How much is the new boss paid? António Simões has been recruited on a base salary of £1.17 million, which is between the median and upper quartile for FTSE 100 financial services companies. His maximum opportunity under this year’s annual bonus scheme is 200% of salary, while he has been granted long-term incentives with a face value of 300% of salary.

What about the former boss? Nigel Wilson joined Legal & General as chief financial officer when shares were 20p in 2009 and became chief executive in 2012. He got a total of £3.22 million in his final year at the company, compared with his highest figure of the past decade of £5.5 million in 2015. The 2023 remuneration figure included an annual bonus of £867,000 based on 53.8% of the maximum opportunity. The 61.1% vesting of long-term incentives contributed £1.1 million to the final figure. He held nearly four million shares at the end of 2023, with his outstanding share awards due be treated in line with good leaver provisions.

How did last year’s AGM go? The broadly unchanged three-year remuneration policy got 95.46% support, while the annual remuneration report was backed with 95.71% of votes.

How’s the company doing on diversity? Women accounted for 42% of board roles at the end of 2023, including one senior position. A quarter of the board was from an ethnically diverse background. 


When: 12pm (Central European Summer Time), Wednesday 29 May.

Where: Theater-Casino Zug, Artherstrasse 2-4, Zug, Switzerland.

How to participate: Proxy voting instructions should be returned no later than 12pm (Central European Summer Time), Friday 24 May. More AGM details can be found here.

Who’s in the chair? Kalidas Madhavpeddi was appointed in February 2020. He has over 40 years of mining industry experience, including as CEO of the operating subsidiary of China Moly.

How did the company do in 2023? Group underlying earnings of $17.1 billion (£13.7 billion) declined 50% as markets normalised after 2022’s extreme disruption. Marketing earnings of $3.5 billion were above the $2.2-$3.2 billion long-term guidance range, but 46% below the previous year. Industrial earnings declined 52% to $13.2 billion impacted primarily by lower pricing, particularly in energy coal, as well as inflationary costs.  Cash returns to shareholders of $10.1 billion comprised $6.5 billion of base and special distributions and $3.6 billion of buybacks, up from 2022’s total of $7.5 billion. A base distribution of $0.13 a share will be paid in two instalments in June and September. Year-end net debt of $4.9 billion and the $6.9 billion purchase of steelmaking coal business Elk Valley means “top-up” returns are not expected.

How have shares performed? Down 14% to 472.1p (458.7p on Thursday).

How much is the boss paid? Gary Nagle, who was appointed in 2021 and is the company’s only executive director, got total remuneration of $5.8 million (£4.6 million) in 2023. This included cash and deferred shares worth $3.84 million (£3.1 million) based on 82.9% of the annual bonus opportunity. The scorecard comprised 55% financial measures, 30% on safety and climate and 15% personal strategic objectives. No long-term incentive shares awards were due to vest.

What’s in the new remuneration policy? The remuneration committee led by Martin Gilbert is proposing a simplified structure comprising only salary and long-term incentives. The proposal includes the use of Career Shares, which incorporate a performance framework alongside a requirement for full share deferral throughout and beyond the CEO’s career. Gilbert said: “Providing share ownership and requiring long-term ownership of these shares is not only important to align executive interests and personal accountability for performance over the long term, but also helps to retain the best talent in the industry.”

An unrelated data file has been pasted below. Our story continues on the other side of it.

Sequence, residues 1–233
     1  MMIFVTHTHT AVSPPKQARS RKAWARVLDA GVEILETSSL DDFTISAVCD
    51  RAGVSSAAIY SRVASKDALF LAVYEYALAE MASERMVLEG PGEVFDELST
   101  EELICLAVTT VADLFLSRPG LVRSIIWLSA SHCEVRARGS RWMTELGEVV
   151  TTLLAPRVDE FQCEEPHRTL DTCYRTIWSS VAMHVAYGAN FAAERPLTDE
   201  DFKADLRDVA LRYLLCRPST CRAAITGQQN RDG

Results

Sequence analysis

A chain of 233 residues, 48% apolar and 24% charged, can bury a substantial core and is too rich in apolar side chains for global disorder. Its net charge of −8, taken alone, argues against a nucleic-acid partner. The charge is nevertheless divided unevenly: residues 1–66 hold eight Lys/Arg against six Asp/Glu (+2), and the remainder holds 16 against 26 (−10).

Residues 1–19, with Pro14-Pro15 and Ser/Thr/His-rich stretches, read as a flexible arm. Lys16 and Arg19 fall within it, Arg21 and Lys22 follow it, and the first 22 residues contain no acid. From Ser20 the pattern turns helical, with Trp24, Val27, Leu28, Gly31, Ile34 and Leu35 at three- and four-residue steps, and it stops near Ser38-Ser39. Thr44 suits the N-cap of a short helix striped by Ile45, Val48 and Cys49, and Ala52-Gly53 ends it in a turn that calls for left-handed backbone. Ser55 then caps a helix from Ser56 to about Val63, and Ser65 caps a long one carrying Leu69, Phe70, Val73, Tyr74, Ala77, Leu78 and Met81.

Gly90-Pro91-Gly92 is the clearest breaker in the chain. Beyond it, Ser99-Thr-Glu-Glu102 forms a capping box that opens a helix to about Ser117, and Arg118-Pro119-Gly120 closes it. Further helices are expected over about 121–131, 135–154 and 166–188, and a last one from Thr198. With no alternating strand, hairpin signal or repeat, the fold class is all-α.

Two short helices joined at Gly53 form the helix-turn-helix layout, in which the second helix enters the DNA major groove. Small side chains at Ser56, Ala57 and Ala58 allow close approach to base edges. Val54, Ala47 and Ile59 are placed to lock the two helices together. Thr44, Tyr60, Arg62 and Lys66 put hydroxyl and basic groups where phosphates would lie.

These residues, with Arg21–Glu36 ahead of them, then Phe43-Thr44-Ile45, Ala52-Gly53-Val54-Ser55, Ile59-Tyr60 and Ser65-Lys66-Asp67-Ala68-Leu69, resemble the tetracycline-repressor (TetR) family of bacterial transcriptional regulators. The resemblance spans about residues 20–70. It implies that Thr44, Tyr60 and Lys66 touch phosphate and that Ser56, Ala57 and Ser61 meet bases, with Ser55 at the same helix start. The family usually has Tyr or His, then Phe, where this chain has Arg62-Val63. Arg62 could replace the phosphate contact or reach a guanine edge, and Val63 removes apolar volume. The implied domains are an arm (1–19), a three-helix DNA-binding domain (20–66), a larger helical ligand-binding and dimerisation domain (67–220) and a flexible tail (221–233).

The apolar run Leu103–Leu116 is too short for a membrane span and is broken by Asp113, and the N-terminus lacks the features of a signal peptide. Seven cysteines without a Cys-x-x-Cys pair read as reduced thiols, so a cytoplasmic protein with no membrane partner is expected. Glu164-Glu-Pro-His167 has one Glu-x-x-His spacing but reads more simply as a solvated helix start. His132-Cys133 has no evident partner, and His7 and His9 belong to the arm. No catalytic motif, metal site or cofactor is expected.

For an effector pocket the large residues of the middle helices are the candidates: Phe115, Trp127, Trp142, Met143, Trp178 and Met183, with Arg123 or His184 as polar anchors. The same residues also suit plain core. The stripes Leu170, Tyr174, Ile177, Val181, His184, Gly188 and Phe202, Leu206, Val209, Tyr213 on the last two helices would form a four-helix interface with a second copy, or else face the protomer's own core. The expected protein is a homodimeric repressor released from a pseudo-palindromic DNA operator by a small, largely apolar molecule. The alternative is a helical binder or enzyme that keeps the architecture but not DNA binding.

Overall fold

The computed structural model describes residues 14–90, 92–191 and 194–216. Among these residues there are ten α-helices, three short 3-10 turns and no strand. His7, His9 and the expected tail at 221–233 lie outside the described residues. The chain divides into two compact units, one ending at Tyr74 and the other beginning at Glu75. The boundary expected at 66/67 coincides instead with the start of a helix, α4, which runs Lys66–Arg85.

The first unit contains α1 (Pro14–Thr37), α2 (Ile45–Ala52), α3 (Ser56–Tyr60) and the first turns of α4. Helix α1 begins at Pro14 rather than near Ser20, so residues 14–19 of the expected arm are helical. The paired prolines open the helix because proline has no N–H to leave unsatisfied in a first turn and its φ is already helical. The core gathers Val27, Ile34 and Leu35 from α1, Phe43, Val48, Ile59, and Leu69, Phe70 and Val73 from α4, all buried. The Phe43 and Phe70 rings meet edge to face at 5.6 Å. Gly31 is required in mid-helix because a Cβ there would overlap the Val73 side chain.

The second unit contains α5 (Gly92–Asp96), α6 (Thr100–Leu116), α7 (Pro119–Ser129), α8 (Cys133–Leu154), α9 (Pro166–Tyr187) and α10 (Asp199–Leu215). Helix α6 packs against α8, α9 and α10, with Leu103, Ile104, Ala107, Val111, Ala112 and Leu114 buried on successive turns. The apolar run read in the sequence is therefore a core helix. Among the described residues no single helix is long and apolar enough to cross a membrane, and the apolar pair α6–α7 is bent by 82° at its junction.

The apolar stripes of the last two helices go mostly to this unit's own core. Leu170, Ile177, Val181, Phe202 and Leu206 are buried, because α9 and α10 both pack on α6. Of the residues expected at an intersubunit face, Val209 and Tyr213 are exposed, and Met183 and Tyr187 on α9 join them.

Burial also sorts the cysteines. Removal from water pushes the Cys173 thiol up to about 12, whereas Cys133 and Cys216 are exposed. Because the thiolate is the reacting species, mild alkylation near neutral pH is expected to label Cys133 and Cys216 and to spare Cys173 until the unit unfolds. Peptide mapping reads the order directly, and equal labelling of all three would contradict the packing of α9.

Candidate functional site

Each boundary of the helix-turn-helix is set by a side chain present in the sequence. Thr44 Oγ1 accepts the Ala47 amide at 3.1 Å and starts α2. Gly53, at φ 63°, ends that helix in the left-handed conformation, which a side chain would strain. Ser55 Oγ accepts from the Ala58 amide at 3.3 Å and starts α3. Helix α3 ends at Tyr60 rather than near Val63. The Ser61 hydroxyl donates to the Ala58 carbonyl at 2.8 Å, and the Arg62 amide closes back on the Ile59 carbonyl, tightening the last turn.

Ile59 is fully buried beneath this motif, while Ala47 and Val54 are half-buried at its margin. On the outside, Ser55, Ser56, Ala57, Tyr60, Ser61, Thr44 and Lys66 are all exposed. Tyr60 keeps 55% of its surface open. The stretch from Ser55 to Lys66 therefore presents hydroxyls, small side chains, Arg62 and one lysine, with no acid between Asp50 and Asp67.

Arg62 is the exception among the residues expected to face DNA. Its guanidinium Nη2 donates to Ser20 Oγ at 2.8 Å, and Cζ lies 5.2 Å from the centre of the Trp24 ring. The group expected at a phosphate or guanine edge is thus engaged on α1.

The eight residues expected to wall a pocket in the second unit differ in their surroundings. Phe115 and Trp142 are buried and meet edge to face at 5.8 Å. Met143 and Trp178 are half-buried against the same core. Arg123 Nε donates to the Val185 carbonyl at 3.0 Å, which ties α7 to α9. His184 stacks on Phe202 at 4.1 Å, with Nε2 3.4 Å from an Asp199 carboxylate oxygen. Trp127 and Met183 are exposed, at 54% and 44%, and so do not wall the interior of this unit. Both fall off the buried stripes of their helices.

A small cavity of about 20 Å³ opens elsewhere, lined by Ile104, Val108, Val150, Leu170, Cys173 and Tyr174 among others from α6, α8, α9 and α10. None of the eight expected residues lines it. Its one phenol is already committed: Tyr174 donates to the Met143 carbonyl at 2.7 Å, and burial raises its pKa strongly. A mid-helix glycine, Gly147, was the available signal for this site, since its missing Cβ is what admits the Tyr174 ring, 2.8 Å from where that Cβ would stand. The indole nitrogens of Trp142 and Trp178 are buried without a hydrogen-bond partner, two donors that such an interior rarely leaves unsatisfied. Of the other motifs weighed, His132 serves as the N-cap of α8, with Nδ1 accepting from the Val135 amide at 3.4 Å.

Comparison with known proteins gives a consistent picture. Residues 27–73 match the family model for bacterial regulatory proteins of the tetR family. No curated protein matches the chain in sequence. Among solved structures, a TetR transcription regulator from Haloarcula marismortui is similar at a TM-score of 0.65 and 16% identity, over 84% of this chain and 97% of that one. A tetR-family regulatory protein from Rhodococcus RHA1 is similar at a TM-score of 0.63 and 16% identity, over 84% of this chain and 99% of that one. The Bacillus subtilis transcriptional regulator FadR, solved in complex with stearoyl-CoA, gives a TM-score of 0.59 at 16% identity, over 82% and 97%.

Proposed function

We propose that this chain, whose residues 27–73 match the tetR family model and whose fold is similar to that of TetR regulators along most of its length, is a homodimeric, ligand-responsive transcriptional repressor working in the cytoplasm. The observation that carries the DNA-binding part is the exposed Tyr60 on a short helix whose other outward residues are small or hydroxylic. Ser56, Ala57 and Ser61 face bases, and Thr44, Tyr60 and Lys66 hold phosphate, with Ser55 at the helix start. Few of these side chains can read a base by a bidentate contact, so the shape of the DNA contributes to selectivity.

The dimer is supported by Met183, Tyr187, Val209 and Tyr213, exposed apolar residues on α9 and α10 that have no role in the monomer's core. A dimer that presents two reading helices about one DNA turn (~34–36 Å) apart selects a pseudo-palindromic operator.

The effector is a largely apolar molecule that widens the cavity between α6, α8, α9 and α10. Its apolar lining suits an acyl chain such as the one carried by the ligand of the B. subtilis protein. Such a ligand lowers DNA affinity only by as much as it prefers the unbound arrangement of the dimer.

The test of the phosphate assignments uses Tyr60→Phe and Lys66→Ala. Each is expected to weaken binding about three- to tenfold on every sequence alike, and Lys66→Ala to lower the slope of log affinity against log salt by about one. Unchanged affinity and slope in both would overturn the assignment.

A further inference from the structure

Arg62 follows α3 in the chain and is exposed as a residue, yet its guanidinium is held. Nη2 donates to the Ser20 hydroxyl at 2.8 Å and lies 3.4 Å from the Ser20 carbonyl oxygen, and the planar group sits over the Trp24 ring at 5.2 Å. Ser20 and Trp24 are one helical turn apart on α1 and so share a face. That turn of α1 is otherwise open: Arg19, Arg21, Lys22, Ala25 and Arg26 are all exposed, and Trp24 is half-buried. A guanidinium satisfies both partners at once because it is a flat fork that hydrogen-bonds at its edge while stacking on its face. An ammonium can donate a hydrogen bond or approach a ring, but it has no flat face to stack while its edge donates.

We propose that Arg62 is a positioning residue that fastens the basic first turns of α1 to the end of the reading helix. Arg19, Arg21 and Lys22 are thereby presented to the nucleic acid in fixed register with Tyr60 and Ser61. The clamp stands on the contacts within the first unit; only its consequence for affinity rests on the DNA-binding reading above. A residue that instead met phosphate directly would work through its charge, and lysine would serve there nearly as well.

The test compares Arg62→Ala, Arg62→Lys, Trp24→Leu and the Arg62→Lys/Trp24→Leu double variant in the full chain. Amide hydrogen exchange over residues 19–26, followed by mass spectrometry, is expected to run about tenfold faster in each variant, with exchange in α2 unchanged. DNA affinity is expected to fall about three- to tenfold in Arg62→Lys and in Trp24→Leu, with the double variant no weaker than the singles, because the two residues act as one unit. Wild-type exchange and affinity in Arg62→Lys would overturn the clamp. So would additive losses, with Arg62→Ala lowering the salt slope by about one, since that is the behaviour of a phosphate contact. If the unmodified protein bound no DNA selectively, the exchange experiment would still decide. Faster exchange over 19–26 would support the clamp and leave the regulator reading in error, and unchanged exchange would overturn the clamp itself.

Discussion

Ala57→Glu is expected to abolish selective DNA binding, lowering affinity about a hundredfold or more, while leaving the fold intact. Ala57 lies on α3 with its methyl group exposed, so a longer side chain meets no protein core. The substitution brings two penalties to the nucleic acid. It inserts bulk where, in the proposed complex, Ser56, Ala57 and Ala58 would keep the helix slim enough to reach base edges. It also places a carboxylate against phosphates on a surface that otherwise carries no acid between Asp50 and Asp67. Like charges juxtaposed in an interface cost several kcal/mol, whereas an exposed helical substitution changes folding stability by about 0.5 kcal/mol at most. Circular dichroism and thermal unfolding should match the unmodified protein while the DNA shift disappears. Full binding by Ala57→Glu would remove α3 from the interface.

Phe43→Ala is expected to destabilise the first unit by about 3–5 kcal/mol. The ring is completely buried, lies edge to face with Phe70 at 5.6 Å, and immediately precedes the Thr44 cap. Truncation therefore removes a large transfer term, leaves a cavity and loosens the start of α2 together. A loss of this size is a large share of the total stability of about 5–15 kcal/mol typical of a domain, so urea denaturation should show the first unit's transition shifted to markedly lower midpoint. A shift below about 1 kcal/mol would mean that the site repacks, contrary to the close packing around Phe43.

What are the details? Salary will be the only form of cash remuneration earned by the CEO each year. In light of the proposed removal of the annual bonus and to partly offset the reduction in cash compensation, Nagle’s salary will increase 7.9% this year to $2 million. The target Career Shares opportunity will be 350% of salary, which remains unchanged compared to the current policy’s combined incentive target (an annual bonus target of 125% and restricted shares at 225%). The maximum incentive opportunity for the chief executive will be 525% of salary, resulting in a cap on remuneration of about $12.5 million The first award will be made in 2025 based on performance assessed during this year.

How did last year’s AGM go? The annual remuneration report was approved with 95.72% of votes in favour. 

Is there a climate-related vote? At the 2023 AGM, 30.25% of votes were cast against the advisory resolution on the company's climate progress report as investors sought clarity on how Glencore will meet its commitments to cut emissions. Around 29% of votes also backed a shareholder resolution calling for more disclosure on progress in scaling back thermal coal production. The company’s second Climate Action Transition Plan for 2024-2026 will be presented at this year’s meeting. It retains existing emissions reduction targets, of 15% and 50% by the end of 2026 and 2035 respectively, and the 2050 ambition of achieving net zero industrial CO2 emissions. The company also introduces a new interim target of a 25% reduction in CO2 emissions for industrial assets by the end of 2030. The new plan does not include the proposed acquisition of a 77% interest in steelmaking coal business Elk Valley Resources.

How’s the company doing on diversity? With three female directors, board composition misses the 40% recommendation of the FTSE 100 Women Leaders Review by 2.5 percentage points. One is in a senior role, while one director is from a minority ethnic background.